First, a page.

Head-to-head record leaves Team Kim at seventh at worlds
Team Kim finished seventh at the 2021 Women's Curling World Championships in Calgary, Canada, narrowly missing their chance to earn an easy route to the 2022 Beijing Winter Olympics.
The top six teams — Switzerland, Russia, United States, Sweden, Canada, Denmark — from the World Curling Championships will skip the preliminary rounds at the 2022 Beijing Olympics.
Despite entering the tournament as the second-highest ranked team, Korea got off to an inauspicious start at the Women's World Curling Championship, dropping their first four matches against Switzerland, Russia, the United States and Germany.
Team Kim then attempted a herculean comeback, winning their last four games in a row against Japan, China, Sweden and the Czech Republic.
Korea took their seventh win at their last round robin game on Friday against the Czech Republic. Opening the scoring in the second end with two points, Korea took the score to 6-2 in the seventh end and finished 7-4.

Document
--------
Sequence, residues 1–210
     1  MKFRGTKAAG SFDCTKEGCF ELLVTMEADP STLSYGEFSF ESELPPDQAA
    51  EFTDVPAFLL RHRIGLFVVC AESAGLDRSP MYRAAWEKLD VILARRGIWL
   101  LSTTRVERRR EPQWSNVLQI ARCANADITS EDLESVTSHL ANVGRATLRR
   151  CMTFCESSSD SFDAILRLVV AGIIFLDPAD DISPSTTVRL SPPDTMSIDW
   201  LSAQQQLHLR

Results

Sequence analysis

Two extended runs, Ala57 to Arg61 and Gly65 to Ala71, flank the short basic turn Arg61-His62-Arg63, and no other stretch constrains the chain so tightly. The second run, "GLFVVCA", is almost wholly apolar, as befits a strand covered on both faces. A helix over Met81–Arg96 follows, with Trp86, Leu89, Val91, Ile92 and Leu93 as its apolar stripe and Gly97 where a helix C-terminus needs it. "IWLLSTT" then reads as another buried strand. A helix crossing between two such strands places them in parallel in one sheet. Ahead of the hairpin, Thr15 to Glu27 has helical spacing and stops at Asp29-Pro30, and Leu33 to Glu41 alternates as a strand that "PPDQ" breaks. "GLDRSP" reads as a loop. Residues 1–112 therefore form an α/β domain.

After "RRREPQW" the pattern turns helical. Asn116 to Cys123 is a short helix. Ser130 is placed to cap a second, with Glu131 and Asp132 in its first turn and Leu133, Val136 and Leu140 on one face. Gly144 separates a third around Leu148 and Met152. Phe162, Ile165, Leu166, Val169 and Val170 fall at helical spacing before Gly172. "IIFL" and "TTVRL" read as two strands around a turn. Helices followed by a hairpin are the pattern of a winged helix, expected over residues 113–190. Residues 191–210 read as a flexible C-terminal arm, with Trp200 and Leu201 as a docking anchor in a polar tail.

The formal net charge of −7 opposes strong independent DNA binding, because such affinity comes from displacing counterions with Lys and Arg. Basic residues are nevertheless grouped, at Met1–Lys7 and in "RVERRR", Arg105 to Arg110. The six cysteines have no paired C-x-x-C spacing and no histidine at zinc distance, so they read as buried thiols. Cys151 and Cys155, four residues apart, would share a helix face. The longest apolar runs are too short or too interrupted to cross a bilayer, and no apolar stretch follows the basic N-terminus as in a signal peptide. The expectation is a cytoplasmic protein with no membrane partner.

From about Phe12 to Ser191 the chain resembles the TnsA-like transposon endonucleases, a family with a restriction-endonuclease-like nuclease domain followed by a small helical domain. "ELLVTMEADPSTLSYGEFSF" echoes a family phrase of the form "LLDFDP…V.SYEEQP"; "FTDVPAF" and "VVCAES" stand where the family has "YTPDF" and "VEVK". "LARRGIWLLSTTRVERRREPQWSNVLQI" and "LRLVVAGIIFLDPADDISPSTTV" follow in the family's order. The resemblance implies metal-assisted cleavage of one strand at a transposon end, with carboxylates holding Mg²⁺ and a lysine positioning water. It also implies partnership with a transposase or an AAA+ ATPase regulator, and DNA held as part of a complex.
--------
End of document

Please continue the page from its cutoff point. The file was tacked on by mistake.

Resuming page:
With seven wins and six losses, Team Kim tied for fifth place with Canada and the United States in the table, but with six Olympic berths on offer, a tied table wasn't an option.
The rules of the World Curling Federation state that when three or more teams are tied, the record of the games between the tied teams shall provide the ranking.
That meant that it came down to head-to-head records. Korea had lost 11-5 to the United States on May 1 and 8-4 to Canada on May 3, which put them in seventh place and out of contention.
Team Kim is now looking at a longer path to the Beijing Games. They will have to win first at the Korean National Team Qualifications starting June 22, then go on to compete for the three remaining Olympic berths at the next Olympic qualifying tournament in December.
During the PyeongChang 2018 Winter Olympics, Team Kim went down in history not only for winning a silver medal in a sport that was practically unheard of in Korea, but also for doing it in style. Whether Team Kim will be able to relive their former glory at the next winter Olympics is yet to be seen.
BY YUN SO-HYANG [firstname.lastname@example.org]